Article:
Misinformation campaigns like these seeking to disenfranchise voters would become a federal crime under Obama’s bill, and they would be punishable by a fine of up to $100,000, up to five years in prison, or both. The bill would also establish a process for the Attorney General to take corrective action to reach out to misinformed voters with correct information so they can participate in elections.

“It’s hard to imagine that we even need a bill like this. But, unfortunately, there are people who will stop at nothing to try to deceive voters and keep them away from the polls," Obama said at a Senate hearing on the bill in June 2007. "What’s worse, these practices often target and exploit vulnerable populations, such as minorities, the disabled, the elderly, or the poor.”

A House version of the bill was passed by unanimous consent more than a year ago. Despite that, it seems like Obama’s bill won’t be getting final approval in this Congress. It was approved by the Senate Judiciary Committee in October 2007 and has been awaiting floor action since. There has been no indication that Senate Majority Leader Harry Reid (D-NV) plans to bring it to bring it to the Senate floor for a vote in the remaining few months of the session.

That may be because, despite its obvious benefit and its bi-partisan support in the House, the bill in the Senate has gotten tied up with the ever-sensitive, partisan issue of illegal immigration. Conservatives argue that rather than cracking down on intimidation techniques being used to disenfranchise eligible voters, the focus should be on addressing the use of falsified registration forms by illegal immigrants.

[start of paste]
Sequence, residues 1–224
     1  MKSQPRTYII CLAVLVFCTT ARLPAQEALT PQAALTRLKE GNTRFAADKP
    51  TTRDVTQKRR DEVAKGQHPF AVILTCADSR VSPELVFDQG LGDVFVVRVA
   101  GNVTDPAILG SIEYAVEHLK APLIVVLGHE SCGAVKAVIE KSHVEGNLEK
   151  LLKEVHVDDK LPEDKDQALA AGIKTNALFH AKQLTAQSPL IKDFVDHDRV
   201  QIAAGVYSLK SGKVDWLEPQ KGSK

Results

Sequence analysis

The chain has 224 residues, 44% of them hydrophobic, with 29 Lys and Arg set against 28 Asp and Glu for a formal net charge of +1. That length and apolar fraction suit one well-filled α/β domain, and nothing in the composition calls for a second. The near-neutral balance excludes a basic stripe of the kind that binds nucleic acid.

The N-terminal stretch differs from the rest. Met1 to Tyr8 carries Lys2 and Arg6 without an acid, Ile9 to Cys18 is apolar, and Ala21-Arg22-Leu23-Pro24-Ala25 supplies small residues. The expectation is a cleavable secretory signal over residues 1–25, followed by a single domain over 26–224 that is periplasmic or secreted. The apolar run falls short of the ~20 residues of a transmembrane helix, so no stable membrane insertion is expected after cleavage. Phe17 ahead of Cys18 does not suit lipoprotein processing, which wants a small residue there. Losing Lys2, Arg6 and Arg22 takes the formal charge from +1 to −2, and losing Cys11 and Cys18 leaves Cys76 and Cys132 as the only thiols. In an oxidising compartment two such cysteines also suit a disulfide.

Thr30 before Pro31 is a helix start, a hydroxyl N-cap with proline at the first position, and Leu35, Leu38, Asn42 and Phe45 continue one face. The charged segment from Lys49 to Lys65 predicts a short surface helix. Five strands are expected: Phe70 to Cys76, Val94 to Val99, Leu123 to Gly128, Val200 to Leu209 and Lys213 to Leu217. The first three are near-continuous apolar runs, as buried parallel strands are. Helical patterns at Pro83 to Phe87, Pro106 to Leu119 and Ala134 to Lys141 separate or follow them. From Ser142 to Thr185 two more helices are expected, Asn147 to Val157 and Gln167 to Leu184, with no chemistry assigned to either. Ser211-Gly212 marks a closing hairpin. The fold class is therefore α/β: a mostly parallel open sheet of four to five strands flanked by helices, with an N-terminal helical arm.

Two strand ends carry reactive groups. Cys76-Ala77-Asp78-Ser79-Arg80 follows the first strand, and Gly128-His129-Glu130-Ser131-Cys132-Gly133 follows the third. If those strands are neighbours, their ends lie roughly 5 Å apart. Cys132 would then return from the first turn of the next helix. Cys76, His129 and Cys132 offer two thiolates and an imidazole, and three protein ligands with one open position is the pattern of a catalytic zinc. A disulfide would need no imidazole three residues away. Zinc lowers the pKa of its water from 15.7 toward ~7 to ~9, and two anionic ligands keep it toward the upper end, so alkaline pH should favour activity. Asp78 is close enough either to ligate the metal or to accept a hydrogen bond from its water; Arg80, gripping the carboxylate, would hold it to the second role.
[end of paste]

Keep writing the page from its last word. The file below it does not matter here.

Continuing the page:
Former FEC member Hans Von Spakovsky recently wrote for the National Review Online that “although there is no reliable method to determine the exact number of registered aliens, there is evidence that this is a significant and growing problem.” And on the National Review’s blog, the Corner, Peter Kirsanow, a commissioner at the US Commission on Civil Rights, endorsed Spakovsky’s column. A year earlier, Kirsanow gave an influential testimony along similar lines before the Senate Judiciary Committee, saying that “a subsequent media analysis showed that at least 2000 votes were cast illegally in Florida in the 2000 Presidential election. Since the margin of victory was 537 votes, the fraudulent votes were sufficient to affect the outcome of the election.”